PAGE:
Courses in basic mediation are offered in virtually every state as well as globally. Participants can choose from online or face-to-face formats.
Research local and state mediation guidelines prior to choosing a program to ensure your choice fulfills the requirements. It is also good to note that there is often a practicum or observation process that precedes mediating on your own.
Certificates in conflict resolution
The following universities offer certification programs that can further and enhance your career and are formatted to accommodate various schedules.
University of Utah – Conflict Resolution Graduate Certificate Program
The University of Utah offers a graduate certificate in conflict resolution. The course is 102 hours or two semesters and includes topics such as mediator ethics, reframing conflicts, and the boundaries of mediation.
Many conflict resolution programs can be found within university law departments; however, the University of Utah’s program is housed within the Communication Institute.
Pepperdine University – Certificate in Conflict Management
This certification requires 14–16 units offered through the law school and combines theory with skills such as strategic negotiation, creative problem-solving, and effective deal making.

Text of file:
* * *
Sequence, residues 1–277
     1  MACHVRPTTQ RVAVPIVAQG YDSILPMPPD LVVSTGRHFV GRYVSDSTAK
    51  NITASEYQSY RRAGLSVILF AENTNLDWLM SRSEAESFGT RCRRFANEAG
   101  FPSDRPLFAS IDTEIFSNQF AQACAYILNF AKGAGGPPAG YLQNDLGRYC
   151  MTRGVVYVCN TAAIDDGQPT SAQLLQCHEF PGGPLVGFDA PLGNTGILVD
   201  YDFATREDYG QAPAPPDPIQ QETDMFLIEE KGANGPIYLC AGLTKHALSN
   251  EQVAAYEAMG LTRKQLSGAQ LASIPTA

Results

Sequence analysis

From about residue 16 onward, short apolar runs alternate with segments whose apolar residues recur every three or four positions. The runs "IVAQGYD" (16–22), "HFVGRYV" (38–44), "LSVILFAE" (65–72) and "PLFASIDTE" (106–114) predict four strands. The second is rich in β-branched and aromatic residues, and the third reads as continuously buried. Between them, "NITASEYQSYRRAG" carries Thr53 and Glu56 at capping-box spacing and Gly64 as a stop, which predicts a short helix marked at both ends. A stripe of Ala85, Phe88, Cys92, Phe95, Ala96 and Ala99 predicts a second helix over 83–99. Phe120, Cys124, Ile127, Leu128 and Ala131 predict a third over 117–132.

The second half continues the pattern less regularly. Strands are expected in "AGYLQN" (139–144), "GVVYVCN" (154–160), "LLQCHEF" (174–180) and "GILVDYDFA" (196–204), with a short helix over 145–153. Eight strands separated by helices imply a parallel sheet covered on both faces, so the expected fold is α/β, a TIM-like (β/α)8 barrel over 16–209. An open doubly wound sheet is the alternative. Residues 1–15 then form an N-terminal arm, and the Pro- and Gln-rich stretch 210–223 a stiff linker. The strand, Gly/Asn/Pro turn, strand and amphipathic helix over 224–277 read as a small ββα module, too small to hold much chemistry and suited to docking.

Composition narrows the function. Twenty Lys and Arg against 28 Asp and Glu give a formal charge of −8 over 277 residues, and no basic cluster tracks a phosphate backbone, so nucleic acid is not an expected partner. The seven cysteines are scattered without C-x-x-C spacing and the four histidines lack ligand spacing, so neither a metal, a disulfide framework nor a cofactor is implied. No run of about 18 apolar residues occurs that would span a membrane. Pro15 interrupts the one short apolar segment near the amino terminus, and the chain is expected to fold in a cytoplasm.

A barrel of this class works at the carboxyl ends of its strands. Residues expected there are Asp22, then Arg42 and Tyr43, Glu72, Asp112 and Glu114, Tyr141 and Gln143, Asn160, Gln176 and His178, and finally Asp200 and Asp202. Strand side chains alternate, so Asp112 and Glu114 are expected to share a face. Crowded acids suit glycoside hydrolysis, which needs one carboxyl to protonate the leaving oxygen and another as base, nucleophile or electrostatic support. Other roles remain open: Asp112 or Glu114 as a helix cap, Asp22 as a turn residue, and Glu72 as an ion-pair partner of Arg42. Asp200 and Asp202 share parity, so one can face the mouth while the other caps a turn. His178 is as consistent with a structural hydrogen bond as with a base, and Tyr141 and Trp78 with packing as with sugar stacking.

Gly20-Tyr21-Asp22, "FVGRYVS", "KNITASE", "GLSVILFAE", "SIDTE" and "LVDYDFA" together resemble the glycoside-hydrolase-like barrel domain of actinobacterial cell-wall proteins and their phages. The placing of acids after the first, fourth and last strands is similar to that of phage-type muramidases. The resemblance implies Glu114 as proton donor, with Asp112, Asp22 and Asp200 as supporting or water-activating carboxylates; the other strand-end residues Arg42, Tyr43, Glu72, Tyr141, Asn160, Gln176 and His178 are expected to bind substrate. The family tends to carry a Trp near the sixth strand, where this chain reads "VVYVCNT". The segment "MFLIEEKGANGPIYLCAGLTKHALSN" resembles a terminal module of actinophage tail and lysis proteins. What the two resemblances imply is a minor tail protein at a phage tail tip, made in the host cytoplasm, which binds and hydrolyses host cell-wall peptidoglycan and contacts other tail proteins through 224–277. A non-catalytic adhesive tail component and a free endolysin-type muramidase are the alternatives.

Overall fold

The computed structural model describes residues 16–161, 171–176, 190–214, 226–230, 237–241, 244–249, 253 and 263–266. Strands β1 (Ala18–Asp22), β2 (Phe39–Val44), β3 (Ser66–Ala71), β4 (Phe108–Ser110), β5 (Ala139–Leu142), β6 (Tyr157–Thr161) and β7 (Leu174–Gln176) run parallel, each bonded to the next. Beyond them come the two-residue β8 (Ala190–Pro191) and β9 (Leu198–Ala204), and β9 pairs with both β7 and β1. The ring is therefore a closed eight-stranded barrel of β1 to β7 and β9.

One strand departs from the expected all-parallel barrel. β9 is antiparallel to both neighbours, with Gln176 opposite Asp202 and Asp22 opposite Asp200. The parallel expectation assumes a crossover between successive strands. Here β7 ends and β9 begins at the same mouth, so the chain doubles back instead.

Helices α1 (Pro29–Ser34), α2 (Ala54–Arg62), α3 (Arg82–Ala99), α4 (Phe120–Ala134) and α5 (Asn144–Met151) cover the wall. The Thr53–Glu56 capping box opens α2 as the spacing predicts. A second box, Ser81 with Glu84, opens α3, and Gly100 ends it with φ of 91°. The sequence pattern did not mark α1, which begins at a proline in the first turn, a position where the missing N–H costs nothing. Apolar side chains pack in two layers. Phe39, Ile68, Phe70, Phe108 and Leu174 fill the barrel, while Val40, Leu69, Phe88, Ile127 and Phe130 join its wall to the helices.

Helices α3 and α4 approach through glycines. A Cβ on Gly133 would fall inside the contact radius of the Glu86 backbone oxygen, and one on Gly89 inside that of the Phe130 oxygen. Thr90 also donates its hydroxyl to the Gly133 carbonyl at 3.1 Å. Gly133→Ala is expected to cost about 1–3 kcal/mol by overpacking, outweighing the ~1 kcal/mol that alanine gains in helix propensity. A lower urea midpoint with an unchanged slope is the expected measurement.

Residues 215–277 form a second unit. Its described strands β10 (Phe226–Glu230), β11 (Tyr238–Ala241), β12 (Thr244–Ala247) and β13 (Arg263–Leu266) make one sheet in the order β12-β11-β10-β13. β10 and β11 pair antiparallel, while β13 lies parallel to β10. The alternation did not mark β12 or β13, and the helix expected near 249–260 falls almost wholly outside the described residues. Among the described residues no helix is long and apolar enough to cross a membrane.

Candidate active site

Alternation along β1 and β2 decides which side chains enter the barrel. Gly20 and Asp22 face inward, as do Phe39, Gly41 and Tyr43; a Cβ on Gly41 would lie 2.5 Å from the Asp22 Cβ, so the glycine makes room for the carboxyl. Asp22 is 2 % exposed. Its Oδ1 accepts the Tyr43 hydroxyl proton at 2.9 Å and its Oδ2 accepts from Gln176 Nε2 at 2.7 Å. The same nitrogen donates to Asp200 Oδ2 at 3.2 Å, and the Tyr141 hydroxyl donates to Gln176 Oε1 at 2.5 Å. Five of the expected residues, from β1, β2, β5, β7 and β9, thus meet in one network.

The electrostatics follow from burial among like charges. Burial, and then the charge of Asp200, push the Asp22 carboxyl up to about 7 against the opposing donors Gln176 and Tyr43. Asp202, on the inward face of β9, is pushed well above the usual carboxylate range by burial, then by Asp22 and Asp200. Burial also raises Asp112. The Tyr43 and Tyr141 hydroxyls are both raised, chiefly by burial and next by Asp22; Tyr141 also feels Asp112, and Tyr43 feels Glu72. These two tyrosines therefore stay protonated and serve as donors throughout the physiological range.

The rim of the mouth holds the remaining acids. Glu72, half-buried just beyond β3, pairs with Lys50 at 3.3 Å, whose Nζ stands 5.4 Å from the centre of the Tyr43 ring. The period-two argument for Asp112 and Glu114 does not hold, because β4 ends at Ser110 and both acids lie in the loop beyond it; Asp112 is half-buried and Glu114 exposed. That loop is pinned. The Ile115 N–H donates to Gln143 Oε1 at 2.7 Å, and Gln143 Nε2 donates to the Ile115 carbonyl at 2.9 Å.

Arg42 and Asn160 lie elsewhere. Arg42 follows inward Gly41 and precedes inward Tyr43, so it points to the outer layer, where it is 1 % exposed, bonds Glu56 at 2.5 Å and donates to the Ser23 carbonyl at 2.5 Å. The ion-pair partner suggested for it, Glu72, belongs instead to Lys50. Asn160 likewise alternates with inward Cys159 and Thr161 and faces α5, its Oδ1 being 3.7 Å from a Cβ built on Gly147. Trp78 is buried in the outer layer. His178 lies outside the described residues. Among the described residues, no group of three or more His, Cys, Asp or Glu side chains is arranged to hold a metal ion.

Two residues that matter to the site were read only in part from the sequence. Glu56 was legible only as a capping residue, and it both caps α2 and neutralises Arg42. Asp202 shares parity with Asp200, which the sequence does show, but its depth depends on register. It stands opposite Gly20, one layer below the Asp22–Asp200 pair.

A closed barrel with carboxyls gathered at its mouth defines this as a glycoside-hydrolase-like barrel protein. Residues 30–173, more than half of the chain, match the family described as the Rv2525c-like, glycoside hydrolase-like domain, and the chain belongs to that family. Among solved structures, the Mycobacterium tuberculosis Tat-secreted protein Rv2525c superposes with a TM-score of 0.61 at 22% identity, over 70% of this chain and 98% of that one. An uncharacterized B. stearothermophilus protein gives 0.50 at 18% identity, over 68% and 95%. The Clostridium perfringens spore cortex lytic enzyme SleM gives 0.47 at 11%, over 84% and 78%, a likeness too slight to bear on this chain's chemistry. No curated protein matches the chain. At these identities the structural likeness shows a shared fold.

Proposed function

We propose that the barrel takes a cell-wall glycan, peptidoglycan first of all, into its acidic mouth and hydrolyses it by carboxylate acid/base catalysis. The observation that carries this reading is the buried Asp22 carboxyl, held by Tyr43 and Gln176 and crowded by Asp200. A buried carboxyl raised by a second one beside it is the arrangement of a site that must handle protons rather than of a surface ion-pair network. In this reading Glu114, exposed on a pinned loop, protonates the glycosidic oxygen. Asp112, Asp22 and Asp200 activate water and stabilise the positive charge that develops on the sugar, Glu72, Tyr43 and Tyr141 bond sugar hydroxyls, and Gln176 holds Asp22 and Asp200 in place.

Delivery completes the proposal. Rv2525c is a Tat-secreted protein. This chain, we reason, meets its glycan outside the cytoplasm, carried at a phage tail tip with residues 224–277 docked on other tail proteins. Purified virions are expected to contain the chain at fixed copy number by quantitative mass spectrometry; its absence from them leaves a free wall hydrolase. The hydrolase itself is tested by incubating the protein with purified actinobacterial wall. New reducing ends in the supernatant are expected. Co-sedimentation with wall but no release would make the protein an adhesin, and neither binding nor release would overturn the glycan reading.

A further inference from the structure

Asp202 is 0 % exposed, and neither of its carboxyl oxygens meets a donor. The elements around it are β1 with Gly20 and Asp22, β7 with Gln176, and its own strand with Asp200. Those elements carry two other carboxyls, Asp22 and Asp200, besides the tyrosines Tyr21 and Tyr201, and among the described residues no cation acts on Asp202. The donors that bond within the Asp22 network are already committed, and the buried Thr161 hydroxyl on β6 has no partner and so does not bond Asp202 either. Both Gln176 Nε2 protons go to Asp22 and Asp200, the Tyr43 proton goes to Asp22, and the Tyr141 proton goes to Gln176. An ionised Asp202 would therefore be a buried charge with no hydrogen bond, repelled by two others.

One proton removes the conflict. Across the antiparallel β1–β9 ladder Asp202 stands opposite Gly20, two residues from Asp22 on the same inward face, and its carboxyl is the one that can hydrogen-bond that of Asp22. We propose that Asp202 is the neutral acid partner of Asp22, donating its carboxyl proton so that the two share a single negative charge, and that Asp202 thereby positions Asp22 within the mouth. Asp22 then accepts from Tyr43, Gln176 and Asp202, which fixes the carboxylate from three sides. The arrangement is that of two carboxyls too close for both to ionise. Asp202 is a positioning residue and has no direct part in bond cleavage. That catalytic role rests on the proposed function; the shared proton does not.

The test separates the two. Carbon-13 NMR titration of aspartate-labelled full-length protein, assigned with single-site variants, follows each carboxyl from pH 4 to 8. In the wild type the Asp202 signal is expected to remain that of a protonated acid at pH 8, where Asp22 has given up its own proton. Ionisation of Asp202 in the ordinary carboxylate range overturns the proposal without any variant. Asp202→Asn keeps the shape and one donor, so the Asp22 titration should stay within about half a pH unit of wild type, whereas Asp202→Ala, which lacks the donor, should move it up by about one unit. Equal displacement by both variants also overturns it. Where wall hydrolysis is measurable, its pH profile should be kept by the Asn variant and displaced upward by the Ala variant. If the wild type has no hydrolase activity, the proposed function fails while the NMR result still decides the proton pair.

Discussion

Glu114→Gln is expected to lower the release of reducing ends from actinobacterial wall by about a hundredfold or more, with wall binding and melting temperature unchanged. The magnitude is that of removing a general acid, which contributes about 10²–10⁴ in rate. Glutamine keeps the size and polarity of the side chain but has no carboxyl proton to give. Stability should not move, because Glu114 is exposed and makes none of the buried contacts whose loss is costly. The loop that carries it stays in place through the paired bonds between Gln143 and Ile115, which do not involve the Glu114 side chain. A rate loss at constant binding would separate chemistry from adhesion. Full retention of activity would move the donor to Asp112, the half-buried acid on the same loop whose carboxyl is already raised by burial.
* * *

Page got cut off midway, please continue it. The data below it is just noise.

Nova Southeastern University (NSU) – Certificate in Advanced Conflict Resolution Practice
NSU’s certification program is offered in on-site and distance learning formats. This program is intended for individuals seeking to become practitioners or gain additional expertise. Part-time students can complete the program in 16 months.
Creighton University – Negotiation and Conflict Resolution Graduate Certificate
Creighton offers their certification program in an online format that can be completed in as few as 12 months.
Advanced degrees in conflict resolution
Individuals seeking to spend more time and effort to obtain a master’s degree can explore various top-rated programs on the Online Master of Legal Studies Program website.
As noted above, universities such as George Mason, Nova Southeastern University, and the University of Massachusetts at Amherst all offer a PhD in the study of conflict resolution.